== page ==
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Role of Protein Oxidation in Water-binding and Hydration of Meat
Department of Animal and Food Sciences
The ability of meat to retain natural and added moisture during storage and cooking critically affects meat juciness, tenderness, and mouthfeel. The purpose of the study is to learn how oxidation affects water-binding in meat through analyzing morphological and biophysical properties of muscle and muscle proteins.
2010 Project Description
In 2010, four graduate students (2 Ph.D., 2 M.S.) participated in this project. Progressive results were summarized in two refereed journal articles published and in one abstract presented at the 2010 Institute of Food Technologists (IFT) annual meeting in Chicago. The abstract received the first-place prize award at the graduate paper competition of Muscle Foods Division of IFT. One graduate student who worked on this project completed her M.S. degree with a written thesis.
In addition, an update of the research progress was presented at the 2010 NRI Project Directors (PD) annual meeting held in conjunction with the annual IFT conference. One journal article resulting from the study was published during this period. The PDs' meeting provided a unique forum for the interaction and idea exchange among researchers and clienteles representing food companies, government agencies, consumer groups, and other universities to share major discoveries from this research project. In 2010, the PD visited a research lab in a university in China that was also studying protein oxidation. One Ph.D. student from that lab who was working on a related project joined the University of Kentucky as a visiting student to conduct collaborative research.
Two experiments were conducted. In experiment 1, Pork longissimus muscle was oxidized at 4C by mixed 10 μM FeCl3/100 μM ascorbate with 1, 5, 10, 20, 30, 40, or 50 mM H2O2 (pH 6.2). Oxidation with > 1 mM H2O2 for 40 min significantly enhanced (P < 0.05) hydration of muscle samples, while oxidation with 40 and 50 mM H2O2 for 2 min or with 20 mM H2O2 for 40 min caused pronounced declines in water-holding capacity and product yield.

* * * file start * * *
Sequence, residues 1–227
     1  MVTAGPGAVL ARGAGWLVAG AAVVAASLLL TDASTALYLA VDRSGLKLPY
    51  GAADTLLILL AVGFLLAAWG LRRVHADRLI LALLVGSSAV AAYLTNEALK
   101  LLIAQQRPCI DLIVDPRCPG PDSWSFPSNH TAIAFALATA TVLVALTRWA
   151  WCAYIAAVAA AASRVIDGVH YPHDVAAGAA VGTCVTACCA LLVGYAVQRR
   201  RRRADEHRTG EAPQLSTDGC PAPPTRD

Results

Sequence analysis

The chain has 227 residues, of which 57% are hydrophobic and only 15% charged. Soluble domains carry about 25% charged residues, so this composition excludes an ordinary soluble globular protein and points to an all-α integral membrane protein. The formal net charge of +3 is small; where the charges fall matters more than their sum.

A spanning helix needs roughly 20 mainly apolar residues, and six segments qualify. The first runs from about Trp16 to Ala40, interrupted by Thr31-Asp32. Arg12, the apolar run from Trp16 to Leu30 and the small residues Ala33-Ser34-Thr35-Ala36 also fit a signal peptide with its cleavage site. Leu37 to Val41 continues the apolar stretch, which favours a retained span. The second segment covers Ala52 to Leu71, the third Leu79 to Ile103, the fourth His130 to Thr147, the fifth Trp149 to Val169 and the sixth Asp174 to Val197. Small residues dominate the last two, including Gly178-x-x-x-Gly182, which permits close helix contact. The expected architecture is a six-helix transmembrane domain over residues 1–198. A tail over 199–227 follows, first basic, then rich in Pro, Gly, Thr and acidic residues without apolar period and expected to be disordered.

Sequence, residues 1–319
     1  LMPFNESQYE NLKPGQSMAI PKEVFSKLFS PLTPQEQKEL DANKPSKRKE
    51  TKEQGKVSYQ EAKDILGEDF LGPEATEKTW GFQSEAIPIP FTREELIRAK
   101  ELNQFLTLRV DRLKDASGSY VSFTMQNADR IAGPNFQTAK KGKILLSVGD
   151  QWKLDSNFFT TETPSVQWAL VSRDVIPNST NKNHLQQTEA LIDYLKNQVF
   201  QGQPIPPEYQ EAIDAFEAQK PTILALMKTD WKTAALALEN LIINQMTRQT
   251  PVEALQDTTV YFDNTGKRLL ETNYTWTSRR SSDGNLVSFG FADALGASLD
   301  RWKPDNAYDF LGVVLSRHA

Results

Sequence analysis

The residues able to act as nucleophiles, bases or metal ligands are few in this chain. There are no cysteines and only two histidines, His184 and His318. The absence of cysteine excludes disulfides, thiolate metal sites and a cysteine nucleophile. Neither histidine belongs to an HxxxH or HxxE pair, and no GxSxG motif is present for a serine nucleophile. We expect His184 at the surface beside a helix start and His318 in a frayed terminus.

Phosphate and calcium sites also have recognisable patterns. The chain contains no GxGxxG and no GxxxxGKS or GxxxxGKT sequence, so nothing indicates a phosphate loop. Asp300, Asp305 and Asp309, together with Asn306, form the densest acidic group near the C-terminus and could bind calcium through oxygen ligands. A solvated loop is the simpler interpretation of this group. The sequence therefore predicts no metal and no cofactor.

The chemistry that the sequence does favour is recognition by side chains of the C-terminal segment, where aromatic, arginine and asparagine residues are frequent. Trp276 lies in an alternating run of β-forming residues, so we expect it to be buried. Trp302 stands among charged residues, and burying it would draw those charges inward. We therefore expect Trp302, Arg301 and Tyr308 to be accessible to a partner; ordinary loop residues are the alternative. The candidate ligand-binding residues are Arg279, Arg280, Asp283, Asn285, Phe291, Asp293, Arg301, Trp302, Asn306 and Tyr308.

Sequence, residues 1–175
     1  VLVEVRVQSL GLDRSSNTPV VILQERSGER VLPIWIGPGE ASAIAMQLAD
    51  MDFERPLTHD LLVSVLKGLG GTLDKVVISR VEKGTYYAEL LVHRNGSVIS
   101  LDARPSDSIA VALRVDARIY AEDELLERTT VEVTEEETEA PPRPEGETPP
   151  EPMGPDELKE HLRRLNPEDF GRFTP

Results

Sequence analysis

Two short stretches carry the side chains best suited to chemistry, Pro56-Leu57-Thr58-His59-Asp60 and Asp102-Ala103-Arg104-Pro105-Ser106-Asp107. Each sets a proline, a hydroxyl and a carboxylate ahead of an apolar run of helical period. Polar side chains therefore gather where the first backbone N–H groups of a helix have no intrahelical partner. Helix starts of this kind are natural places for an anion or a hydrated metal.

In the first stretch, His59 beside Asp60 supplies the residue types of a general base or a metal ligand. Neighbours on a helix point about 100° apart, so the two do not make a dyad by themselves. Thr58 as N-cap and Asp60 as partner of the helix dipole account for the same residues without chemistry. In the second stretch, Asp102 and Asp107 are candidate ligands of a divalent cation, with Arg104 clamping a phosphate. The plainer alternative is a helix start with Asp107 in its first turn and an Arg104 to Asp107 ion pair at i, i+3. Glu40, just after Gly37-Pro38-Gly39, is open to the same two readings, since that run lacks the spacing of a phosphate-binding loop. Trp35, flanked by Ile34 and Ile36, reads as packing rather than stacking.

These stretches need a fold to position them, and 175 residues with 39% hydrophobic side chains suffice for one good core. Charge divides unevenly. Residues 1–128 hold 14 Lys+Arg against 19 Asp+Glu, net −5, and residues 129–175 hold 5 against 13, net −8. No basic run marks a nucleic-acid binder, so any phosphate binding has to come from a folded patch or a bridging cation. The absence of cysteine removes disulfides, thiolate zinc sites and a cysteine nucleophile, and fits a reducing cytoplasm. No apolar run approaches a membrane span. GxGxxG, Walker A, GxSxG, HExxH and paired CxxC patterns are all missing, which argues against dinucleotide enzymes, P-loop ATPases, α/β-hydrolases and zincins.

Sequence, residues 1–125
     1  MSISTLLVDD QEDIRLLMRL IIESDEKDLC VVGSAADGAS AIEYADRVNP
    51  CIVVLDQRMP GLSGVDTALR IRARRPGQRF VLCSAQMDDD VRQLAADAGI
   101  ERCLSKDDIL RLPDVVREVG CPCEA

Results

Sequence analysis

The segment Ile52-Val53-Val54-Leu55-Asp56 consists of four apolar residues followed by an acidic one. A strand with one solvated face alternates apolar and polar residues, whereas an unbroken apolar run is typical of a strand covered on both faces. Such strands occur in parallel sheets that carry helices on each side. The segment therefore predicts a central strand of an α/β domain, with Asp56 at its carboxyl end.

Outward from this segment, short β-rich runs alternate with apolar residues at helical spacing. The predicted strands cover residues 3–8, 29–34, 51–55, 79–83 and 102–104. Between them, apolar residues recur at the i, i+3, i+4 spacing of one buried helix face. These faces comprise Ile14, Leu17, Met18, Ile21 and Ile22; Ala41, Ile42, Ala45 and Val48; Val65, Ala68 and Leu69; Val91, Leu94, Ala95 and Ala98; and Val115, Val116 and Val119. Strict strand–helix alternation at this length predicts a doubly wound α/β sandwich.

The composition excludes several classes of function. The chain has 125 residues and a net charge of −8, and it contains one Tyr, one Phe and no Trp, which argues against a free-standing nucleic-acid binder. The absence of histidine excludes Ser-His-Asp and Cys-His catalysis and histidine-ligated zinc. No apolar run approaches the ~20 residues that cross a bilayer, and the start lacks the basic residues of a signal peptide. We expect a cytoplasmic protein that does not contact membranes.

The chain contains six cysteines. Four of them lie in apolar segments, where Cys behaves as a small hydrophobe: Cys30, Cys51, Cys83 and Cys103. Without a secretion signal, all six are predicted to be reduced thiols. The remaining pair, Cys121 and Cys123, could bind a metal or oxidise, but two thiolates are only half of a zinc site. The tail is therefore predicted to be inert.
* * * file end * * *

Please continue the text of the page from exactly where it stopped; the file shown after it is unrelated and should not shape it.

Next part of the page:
The changes coincided with marked increases in the protein carbonyl content, TBARS formation, and cross-linking of both myofibrillar and sarcoplasmic proteins. Dye-tracing tests showed that the enhanced hydration at > 1 mM H2O2 was due to facilitated water diffusion into muscle tissue. This result was strongly corroborated by microscopic images that illustrated enlargements of intercellular spacing, i.e., gaps, in oxidized muscle tissue which served as canals for water diffusion.
In experiment 2, boneless pork loin chops (longissimus) were packaged in an oxygen-enriched atmosphere packaging system (MAP: 80% O2/20% CO2), on Styrofoam trays with an air-permeable polyvinylchloride (PVCP) overwrap, or a partial vacuum (60%) packaging system and stored at 2C for 14, 7, and 21 days, respectively. Muscle sample stored in MAP had marked increases (P < 0.05) of TBARS and carbonyls, and a loss in sulfhydryls, indicating lipid and protein oxidation. PVCP and VP showed lesser or negligible effects on these oxidation parameters. On day 4, MAP samples had higher redness (a* value) than PVCP and VP samples. SDS-PAGE revealed major losses of myosin heavy chain (MHC) in MAP and PVCP samples from day 0 to day 4, but in VP samples no significant loss of MHC was noted until day 14.
Microscopic images of muscle fiber cross-sections indicated an increase in extracellular spaces in all packaging systems during extended storage, which was most remarkable on day 14 MAP samples. Water-holding capacity decreased significantly (P < 0.10) in muscle stored in MAP but not in PVCP and VP samples. Day 4 and 7 MAP muscles, brine-marinated for 40 and 20 min, respectively, had a greater (P < 0.05) hydration capacity (brine pick-up) than PVCP and VP samples. The results were corroborated by the phase contrast data where extended storage in MAP produced the most extensive myofibril swelling upon brine irrigation. Despite enhanced hydration, MAP muscle samples were least capable of holding moisture upon cooking.
The results suggested that enhanced protein oxidation in MAP system when compared with PVCP and VP was responsible for these altered hydration properties of pork loin muscle. Although the impact of the research results is not immediately known, it is expected that meat processors can use the research findings as guide for their product formulation and processing condition design so that an optimal product quality and yield can be achieved.
Xiong, Y.L., Blanchard, S.P., Ooizumi, T., and Ma, Y. 2010. Hydroxyl radical and ferryl-generating systems promote gel network formation of myofibrillar protein. J. Food Sci. 75:C215-221.
Liu, Z., Xiong, Y.L., and Chen, J. 2010. Protein oxidation enhances hydration but suppresses water-holding in porcine longissimus muscle. J. Agric. Food Chem. 58:10697-10704.
Liu, Z., Xiong, Y.L., and Chen, J. 2010. Protein oxidation enhances hydration but suppress water-holding in porcine longissimus muscle: A possible mode of action. Book of Abstracts. Annual Meeting of the Institute of Food Technologists. (Abst. No. 192-05).